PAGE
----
Researchers claim that the suicide rate among UK students is higher than among the general population of their age group.
The Hong Kong based researchers analysed figures for student suicides between 2007 and 2016 and said that, between that time, student suicide rates increased by 56%.
The findings are to be presented next month at the International Suicide Prevention Conference in New Zealand.
Previously, it has often been argued that suicide rates for students have been lower than the general population, but the researchers say there no longer seems to be this “protective effect against suicide”.
In 2016, the suicide rate for male students was 15.7 per 100,000 people, while for male non-students aged 20-24 it was 14.8 per 100,000 people. For female students, the suicide rate was six per 100,000 people, while for female non-students aged 20-24 it was 5.7 per 100,000.
The 2016 figures showed 146 student suicides, the highest in records going back to 2001. Between 2001 and 2007, there had been a pattern of falling numbers, but since then numbers have tended to rise.
The figures do not specify the type of “student”, whether at university or some other form of study.
Also, the suicide rates have been consistently higher among male students, but the research shows there has been a particular increase among female students.
Suicide rates have been consistently higher among male students, but the research shows there has been a particular increase among female students
Dr Raymond Kwok, of the Centre for Suicide Research and Prevention, at Hong Kong University, told the BBC: “Between 2012 and 2016, there is a significant trend in rising suicides for UK female students, with the exception of those in Scotland.”
The Office for National Statistics (ONS) also commented to the BBC that this data “cannot be used to ascertain the risk of suicide among students” as “year-to-year differences could reflect change in the population of students across time as opposed to change in the risk of suicide.”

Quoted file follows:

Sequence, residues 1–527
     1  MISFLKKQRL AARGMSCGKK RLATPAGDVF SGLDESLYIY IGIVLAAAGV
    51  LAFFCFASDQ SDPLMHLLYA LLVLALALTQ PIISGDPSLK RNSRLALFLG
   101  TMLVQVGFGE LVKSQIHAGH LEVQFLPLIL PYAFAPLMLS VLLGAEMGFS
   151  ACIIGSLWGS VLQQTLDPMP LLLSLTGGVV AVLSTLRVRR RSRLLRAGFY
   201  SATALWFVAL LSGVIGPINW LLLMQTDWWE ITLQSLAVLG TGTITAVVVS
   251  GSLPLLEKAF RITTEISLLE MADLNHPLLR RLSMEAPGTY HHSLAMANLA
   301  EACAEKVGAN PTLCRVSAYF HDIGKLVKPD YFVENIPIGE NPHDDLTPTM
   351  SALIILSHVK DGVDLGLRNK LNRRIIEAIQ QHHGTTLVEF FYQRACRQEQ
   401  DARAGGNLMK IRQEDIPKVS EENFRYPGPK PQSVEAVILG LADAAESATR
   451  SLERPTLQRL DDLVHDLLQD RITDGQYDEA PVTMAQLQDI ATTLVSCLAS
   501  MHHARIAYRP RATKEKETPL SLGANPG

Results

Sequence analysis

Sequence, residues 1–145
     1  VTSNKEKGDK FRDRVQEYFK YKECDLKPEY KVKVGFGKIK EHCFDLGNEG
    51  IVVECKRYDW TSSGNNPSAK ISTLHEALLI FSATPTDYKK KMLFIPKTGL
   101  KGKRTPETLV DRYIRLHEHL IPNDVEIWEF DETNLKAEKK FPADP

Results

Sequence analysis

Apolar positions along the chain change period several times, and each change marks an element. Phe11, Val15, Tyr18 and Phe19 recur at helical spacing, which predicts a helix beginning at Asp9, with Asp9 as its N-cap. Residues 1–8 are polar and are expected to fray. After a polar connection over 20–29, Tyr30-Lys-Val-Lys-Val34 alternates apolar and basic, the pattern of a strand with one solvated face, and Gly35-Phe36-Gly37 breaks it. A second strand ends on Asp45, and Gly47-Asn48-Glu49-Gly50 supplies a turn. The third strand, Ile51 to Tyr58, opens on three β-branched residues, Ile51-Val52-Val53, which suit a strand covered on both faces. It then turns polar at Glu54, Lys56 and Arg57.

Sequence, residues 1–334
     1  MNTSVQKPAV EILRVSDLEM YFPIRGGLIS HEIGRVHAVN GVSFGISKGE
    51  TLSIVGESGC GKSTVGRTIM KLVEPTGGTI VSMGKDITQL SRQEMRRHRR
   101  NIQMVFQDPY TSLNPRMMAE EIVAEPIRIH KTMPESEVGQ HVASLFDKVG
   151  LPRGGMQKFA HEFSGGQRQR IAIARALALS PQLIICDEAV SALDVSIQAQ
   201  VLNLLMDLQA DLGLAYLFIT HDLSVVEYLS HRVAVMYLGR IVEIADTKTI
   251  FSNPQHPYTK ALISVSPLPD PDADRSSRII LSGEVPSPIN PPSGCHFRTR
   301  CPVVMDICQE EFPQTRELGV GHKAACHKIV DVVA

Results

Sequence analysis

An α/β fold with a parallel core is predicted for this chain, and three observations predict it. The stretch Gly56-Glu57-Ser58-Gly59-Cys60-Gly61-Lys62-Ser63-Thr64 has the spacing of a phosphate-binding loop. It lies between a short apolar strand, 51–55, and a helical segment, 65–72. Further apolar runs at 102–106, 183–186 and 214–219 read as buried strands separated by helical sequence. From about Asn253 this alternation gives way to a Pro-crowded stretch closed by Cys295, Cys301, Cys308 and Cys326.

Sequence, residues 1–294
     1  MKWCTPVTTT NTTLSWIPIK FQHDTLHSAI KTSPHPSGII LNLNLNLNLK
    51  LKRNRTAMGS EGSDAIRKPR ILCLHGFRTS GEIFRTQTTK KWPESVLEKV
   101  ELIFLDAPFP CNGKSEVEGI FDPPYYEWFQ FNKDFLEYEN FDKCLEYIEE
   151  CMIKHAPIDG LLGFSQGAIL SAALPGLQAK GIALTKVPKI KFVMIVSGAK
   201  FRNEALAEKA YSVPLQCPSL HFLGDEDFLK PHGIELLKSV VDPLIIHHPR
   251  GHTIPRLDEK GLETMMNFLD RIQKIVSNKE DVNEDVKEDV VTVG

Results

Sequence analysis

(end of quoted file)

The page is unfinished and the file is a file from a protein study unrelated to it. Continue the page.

The ONS says it is currently working on developing “a robust method for understanding the risk of suicide among certain kinds of students”.
Edward Pinkney, who has tracked student suicide data and co-authored the analysis, also commented to the BBC: “Concerns about students’ mental health have been increasing since the economic recession, but until now there has been no comprehensive analysis of UK student suicide data.
“This is the first time we can conclusively say that as far as suicide is concerned, there is a real problem in higher education.”
Concerns about students’ mental health have been increasing since the economic recession, but until now there has been no comprehensive analysis of UK student suicide data
— Edward Pinkney
A report published in autumn showed the numbers of students disclosing mental health problems had increased fivefold in a decade.
Tom Madders, director of communications at YoungMinds, told the Huffington Post: “The reasons for feeling suicidal are complicated and multiple, but it’s crucial that a young person struggling with their mental health is able to reach out before they reach crisis point.
“With NHS services often badly overstretched, it’s important that universities are able to offer early support to students who need it, and we also need the Government to start looking seriously how the mental health needs of 18-25 year olds, including students, can be met.”
Sir Anthony Seldon, Vice-Chancellor of the University of Buckingham and a campaigner on student well-being reiterated that more needed to be done for student wellbeing by universities.
He told the BBC: “Student suicide rates and emotional distress levels could be reduced at university if we acted differently.
“More support in transitions, better tutoring and early warning, more peer to peer support, an enhanced sense of belonging, would all enhance wellbeing and reduce risk.
“We are obsessed by reactive policy once students hit the bottom of the waterfall; we need to be putting preventative policies in place to prevent them ever tipping over the edge.”